The annual federal pay raise continues to go down the same path. What role does FEPCA play in the next raise? What is the alternative pay plan?
The big difference for the 2024 federal pay raise could be another government shutdown that has the potential to extend into 2024.
What About FEPCA?
FEPCA stands for the Federal Employees Pay Comparability Act.
FEPCA established a two-part annual pay adjustment for General Schedule (GS) government employees. Under FEPCA, there is an across-the-board pay adjustment and a locality pay adjustment. Locality pay varies by pay locality. Because of locality pay, a federal employee’s salary will vary depending on geographic location.
FEPCA also established an automatic formula for determining the annual pay raise for federal employees. Part of the reason for confusion about an annual federal employee pay raise is that the FEPCA formula is routinely ignored. It will be ignored again in 2024.
If you are a new federal employee, you may hear comments such as, “If FEPCA is followed this year, we will get a 25% pay raise.” That may be true but it is not relevant. Federal employees have never received a pay raise like that since the passage of FEPCA, and it will not be implemented to provide a huge pay raise next year either.
President’s Alternative Pay Plan
Instead of implementing the FEPCA formula, the president can, and often does, propose an alternative pay raise that ignores the FEPCA formula. There is little doubt that this will happen again in 2023.
If the president determines that “because of national emergency or serious economic conditions affecting the general welfare,” a pay adjustment would be inappropriate based on FEPCA, he can propose a different figure. This always happens regardless of the president’s political party. This is the letter President Biden issued last year.
The alternative pay plan is almost always released late in the year. It is typically released in August and often in the last week of August. Update: President Biden issued the alternative pay plan on August 31, 2023. For details, see Biden Issues Alternative Pay Letter for 2024 Federal Pay Raise.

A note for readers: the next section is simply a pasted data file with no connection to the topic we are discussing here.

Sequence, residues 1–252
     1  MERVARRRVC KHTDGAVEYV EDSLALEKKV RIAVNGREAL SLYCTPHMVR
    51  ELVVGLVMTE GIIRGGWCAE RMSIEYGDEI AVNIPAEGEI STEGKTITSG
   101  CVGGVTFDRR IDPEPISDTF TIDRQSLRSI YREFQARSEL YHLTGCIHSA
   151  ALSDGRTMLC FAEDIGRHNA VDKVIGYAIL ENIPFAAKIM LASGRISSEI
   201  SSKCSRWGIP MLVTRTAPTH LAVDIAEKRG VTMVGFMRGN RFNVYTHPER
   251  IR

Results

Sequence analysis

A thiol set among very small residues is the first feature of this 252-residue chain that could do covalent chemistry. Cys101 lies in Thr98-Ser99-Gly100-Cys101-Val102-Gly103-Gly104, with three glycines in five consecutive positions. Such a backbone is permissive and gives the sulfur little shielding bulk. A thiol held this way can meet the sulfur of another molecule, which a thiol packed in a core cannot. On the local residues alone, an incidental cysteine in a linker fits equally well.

What has happened most often in the last several years is that Congress does not pass legislation on the amount of any federal employee pay raise for the next year. When that happens, the president then sets the amount of the raise through an alternative pay plan, usually in late August.
Of course, if Congress does not like the amount of the raise in the alternative pay plan, it can still pass new legislation determining the final amount. This is most likely to happen during an election year. With an election coming up, the thought process is likely to be that giving a raise = (hopefully) getting more votes for a candidate running for Congress.
As always, the annual pay raise is subject to political whims and actions!
Why Does the Government Shut Down?
As is often the case, there is also the possibility of another partial government shutdown. If that happens, it could be resolved quickly or it could go on for some time.
A federal government “shutdown” did not exist before 1980. Now, it is an annual political event routinely used to scare the other party and convince the public that one party is to blame.
But, before 1980, if money had not been appropriated, government employees still went to work, and still got paid (usually a little late until funds were approved), and the situation was resolved without all the political drama we have invented since 1980.
The man who invented the shutdown? Benjamin Civiletti. Civiletti was the attorney general for President Jimmy Carter.
The legal basis for the newly discovered legal requirement was “discovered” in an 1870 law —the Antideficiency Act of 1870.
Civiletti made his reputation by concluding the federal government was operating outside the law when he revealed the true meaning of the law. This problem had escaped the attention of America’s legal experts for more than a century.
As a result, we now go through the same threats and deal with the impacts created by the shutdown annually.
Will There Be a Government Shutdown This Year?
As often happens, the government now appears to be on track to possibly trigger a government shutdown. The 12 appropriations bills funding government operations before the start of the new fiscal year have not been passed.
In June 2023, the Fiscal Responsibility Act was signed. It lifted the ceiling on the federal debt and set limits on annual appropriated spending for the next fiscal year.
The Senate Appropriations Committee has passed all 12 appropriations bills. The House bills include provisions on topics such as abortion and healthcare for transgendered people. Passing these bills in the Senate, narrowly controlled by Democrats, will generate a political dispute. Of course, the president must also sign the bills. As he generally supports liberal political positions, this could trigger a veto if it did pass in Congress.
While a government shutdown is not necessarily going to happen this year, it is still a possibility and that will impact federal employees if it occurs.